Everything should be made as simple as possible, but not simpler
Bench made jewelry is created by a craftsman using traditional tools and a hand torch. Raw metal stock such as plate or wire is cut, bent, forged, ground and filed.
Leon Megé jewelry - Bench made to the highest precision.
Jewelry could be an art or a commodity - depending on a way it's designed or made. Every piece we make is conceived with your unique taste in mind. To achieve this goal we rely on an old fashioned and time tested traditional way of making every piece by hand.
Unfortunately, the terms ‘handmade’ have been hijacked in recent years. It is no longer possible to rely on the expression ‘handmade’ as an actual guarantee of the skilled craftsmanship of yesteryear.
Bench Made is a jewelry industry term to describe high end, couture, bespoke jewelry made without the use of molds, casting, stamping, CAD modeling and, in general, any gadget that takes artistry out of the jewelry making process. Here is what you should expect from jewelry qualified as ‘bench made’:
- Every piece begins as a lump of raw metal hand forged into wire or plate.
- No parts are produced by casting, stamping or using molds, forms or templates.
- No computer modelling or 3D printing is involved.
Think twice when you hear these terms:
This term surfaced some time ago when somebody came up with the idea of using "hand-forged" as a synonym to the term "bench made." But what exactly is forging? From Wikipedia, "Forging is a manufacturing process involving the shaping of metal using localized compressive forces."Forging, in other words, is hammering. There is a well established name for it - "Raising" metal is a staple of silversmithing.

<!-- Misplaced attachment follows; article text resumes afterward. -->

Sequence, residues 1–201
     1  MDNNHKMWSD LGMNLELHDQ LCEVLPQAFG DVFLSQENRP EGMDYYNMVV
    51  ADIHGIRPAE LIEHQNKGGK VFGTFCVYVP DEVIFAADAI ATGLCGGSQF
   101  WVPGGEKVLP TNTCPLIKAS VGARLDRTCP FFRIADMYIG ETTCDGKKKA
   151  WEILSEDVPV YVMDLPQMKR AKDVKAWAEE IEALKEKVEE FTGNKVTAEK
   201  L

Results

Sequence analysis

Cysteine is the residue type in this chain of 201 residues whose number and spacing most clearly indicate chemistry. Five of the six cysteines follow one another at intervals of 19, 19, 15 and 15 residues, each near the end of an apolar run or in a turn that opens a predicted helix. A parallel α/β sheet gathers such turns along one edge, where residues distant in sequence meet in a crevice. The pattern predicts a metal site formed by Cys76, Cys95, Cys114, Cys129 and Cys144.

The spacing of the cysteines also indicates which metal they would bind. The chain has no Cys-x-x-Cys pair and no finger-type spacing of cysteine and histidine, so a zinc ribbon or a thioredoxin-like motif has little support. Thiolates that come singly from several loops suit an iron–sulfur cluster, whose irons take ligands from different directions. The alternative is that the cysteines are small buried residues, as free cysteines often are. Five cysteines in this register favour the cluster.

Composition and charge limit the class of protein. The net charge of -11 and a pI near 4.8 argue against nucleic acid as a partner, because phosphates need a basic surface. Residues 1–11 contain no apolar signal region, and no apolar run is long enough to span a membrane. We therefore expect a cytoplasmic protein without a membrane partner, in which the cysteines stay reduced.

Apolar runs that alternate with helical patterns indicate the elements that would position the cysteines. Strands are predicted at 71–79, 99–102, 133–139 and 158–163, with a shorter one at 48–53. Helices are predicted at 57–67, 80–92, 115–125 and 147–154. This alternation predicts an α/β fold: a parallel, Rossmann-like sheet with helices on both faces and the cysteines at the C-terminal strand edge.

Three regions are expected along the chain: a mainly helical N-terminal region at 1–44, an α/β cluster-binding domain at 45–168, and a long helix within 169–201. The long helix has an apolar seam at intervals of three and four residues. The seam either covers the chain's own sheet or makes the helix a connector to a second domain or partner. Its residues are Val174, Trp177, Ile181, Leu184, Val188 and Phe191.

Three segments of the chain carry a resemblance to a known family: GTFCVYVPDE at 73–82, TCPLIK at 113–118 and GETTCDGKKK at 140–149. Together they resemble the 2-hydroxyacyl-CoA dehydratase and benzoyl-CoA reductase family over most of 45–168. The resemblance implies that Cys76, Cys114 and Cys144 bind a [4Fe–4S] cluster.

Another great example of the technique are the famous anticlastic sculptures of Michael Good. Leon Mege happens to own one - it was presented to him as a winner in the New Talent Competition by the American Jewelry Design Council. Forging metal is only one of the many attributes of a truly BENCH MADE piece. A master chef does not prepare a "hand fried"dish, but a fry cook might.
3D printing technology is increasingly be used in numerous industries, anywhere from creating clothes, architectural models to chocolate treats. And yes, jewelry. It's possible now to paste the stone dimensions into a selected design using CAD software, cast and set with stones in a span of a couple of days. Customized? Yes. But not custom made. A burger at MacDonalds without pickles is not a custom made sandwich.